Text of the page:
I agree it's important, certainly more important than a lot of the nonsense people argue about in synod meetings. I suspect at some point soon some attention will need to be given to it, even if it is just pastoral advice on cooperation with Catholics on social issues.
Though there isn't an official position, the general consenus including Calvin, his successor Beza, and his successor Turretin, 19th c. American theologians Charles Hodge and John W. Nevin, J. Gresham Machen etc. all held that the Roman Catholic Church, while not a pure church, is nevertheless part of the true, visible Church of Christ on earth. . . (you'll find far less recourse to notions of an invisible church in Reformed writings than Catholics usually assume). Now, of course many Reformed Christians probably don't know Turretin's, or Hodge's, view on this and haven't read their arguments. At one time I didn't, and since I hadn't thought through the issue, probably would have disagreed with them. But so what? Your opinion of Calvinists is far too high if you expect them to know every point of their theology and history in detail.
No, no. I don't expect that at all. I am never surprised at ignorance (including my own, on the many occasions I discover it with regard to yet another tidbit of knowledge I didn't yet know). Again, what shocks and scandalizes me is the frequency and intensity of the anti-Catholicism, along with the confusion, given that (as you say) the "general consensus" is actually more ecumenical. I'm delighted to hear that the "consensus" is in that direction, but it's distressing to know that so few Calvinists (by appearances, anyway, and maybe the Internet is a bad sampling) seem to be aware of it.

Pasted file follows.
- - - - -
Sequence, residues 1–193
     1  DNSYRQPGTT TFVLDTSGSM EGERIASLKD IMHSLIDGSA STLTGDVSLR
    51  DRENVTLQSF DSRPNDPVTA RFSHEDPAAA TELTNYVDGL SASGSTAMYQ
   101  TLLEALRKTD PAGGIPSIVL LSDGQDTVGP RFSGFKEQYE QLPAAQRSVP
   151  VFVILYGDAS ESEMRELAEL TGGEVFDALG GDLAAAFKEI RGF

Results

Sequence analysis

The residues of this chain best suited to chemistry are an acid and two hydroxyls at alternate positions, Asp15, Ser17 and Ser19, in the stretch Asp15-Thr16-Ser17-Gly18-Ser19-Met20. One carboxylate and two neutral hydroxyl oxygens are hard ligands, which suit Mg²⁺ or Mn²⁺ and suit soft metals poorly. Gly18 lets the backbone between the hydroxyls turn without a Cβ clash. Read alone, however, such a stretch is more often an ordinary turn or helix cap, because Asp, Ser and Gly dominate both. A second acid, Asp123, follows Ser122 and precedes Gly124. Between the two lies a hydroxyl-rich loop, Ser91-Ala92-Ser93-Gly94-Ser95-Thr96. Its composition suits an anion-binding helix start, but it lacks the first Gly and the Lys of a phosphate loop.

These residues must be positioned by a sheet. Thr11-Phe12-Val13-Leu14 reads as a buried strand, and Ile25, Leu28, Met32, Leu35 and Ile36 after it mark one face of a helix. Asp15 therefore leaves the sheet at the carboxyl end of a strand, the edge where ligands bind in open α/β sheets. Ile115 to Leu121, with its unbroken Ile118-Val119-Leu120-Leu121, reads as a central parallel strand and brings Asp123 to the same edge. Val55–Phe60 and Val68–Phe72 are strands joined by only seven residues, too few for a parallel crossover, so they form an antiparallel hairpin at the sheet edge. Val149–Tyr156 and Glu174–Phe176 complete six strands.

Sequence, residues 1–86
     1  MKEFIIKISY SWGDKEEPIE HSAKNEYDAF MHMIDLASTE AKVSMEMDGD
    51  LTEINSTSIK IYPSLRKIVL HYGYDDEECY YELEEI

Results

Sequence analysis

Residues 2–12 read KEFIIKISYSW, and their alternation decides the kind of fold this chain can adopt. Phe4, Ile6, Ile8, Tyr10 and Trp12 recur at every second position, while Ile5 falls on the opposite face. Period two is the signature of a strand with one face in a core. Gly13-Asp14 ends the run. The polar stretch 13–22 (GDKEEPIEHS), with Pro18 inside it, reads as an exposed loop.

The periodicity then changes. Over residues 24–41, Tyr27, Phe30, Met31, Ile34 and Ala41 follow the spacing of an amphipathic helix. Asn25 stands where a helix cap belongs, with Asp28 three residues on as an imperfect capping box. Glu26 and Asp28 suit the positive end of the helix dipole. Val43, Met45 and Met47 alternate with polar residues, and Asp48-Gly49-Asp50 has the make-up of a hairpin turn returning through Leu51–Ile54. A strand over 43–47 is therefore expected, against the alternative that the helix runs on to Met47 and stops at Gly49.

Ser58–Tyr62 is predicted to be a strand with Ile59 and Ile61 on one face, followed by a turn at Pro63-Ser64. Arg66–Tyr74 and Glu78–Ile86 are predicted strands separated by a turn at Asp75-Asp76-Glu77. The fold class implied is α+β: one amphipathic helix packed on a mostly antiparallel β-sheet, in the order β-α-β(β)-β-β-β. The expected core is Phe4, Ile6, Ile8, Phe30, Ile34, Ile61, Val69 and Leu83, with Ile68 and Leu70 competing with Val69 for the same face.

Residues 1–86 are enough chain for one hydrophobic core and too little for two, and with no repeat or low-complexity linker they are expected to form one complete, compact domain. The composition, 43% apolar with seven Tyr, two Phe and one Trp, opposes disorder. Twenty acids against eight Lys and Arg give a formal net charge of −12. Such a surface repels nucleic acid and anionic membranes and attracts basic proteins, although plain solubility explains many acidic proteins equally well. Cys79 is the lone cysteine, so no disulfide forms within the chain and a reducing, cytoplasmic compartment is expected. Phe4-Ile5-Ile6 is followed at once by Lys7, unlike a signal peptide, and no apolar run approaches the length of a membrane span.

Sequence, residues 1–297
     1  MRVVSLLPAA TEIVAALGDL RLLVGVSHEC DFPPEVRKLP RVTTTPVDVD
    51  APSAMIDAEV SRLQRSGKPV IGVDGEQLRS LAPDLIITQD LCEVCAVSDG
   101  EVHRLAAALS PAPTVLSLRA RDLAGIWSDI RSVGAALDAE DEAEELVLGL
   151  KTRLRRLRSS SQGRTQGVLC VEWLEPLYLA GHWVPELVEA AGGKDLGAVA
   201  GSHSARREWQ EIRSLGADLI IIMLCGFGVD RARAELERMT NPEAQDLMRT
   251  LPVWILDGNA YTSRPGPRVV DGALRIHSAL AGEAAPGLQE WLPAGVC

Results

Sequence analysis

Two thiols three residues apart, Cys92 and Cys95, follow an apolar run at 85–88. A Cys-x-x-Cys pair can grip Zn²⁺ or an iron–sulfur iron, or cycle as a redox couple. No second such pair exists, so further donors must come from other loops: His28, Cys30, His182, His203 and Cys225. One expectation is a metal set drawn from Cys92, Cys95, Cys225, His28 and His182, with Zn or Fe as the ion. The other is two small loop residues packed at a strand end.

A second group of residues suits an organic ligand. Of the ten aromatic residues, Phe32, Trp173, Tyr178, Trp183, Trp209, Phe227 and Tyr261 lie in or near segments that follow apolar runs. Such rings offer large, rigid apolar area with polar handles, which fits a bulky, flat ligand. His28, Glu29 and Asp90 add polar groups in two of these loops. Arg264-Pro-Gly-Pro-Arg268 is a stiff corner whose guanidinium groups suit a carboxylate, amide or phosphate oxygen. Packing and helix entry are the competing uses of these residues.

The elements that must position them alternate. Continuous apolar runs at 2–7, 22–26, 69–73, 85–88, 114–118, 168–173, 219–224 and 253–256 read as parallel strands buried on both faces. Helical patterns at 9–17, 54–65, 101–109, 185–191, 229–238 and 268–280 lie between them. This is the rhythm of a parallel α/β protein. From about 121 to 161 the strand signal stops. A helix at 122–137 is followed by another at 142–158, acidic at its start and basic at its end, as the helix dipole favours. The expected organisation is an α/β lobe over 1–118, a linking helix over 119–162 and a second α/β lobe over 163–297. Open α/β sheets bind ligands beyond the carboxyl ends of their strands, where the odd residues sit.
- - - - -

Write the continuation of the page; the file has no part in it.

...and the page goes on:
"General consensus" of the most influential theologians, I should clarify, not the general consensus of Ian Paisley.
I observe the conflicting opinions on the ECT statements, e.g., with R.C. Sproul and D. James Kennedy on one side, and J.I. Packer and Charles Colson on the other: Calvinists all.
Yes, all Calvinists... but if you went around the world and asked Reformed Christians whether they agreed with J. I. Packer or D. James Kennedy, what do you think they'd say? I suspect it would be, Packer or who? And I haven't read much Sproul recently, and I know he's been very critical of ECT, but you wouldn't categorize him as an anti-Catholic, would you? He's always seemed much more knowledge and balanced than someone like James White.
A friend of mine told me recently that Harold O. J. Brown (professor at Reformed Seminary, among other things) has quit teaching seminars on soteriology, because he's convinced that evangelicals just don't understand Catholic teaching on soteriology. He's probably right.
But then I suppose I shouldn't ever be surprised by Protestant chaos and confusion, come to think of it.
Yes, be more consistent in your polemical gripes. But that's part of my complaint - until Rome does some serious housecleaning (like excommunicating Ted Kennedy, for a start - a man most confused and chaotic evangelical denominations would bar from the Communion table), pointing out Protestant chaos doesn't carry much weight.
I guess my dismay has to do directly with my growing admiration of the better, more respectable aspects of Calvinism as I have come to understand it over time, thanks to people such as you, who take the trouble to more carefully explain the positions.
If you put your faith in Christ for your salvation, I (and I think Calvin with me) would make a judgement of charity (though Calvin would no doubt blast you for being baptized three times).
LOL Just "twice" (conditional being a different category). If one comes to believe in adult baptism, shouldn't they follow their conscience? That's all I did in 1982. But my real baptism was in 1958 (short of the Methodist minister being a flaming liberal or Unitarian or something, in which case it would be 1982, but not 1990 in any event; that was just dear old Fr. Hardon [RIP] being very careful and "making sure." He almost drowned our first two sons in baptism, making sure they got well-baptized . . . :-).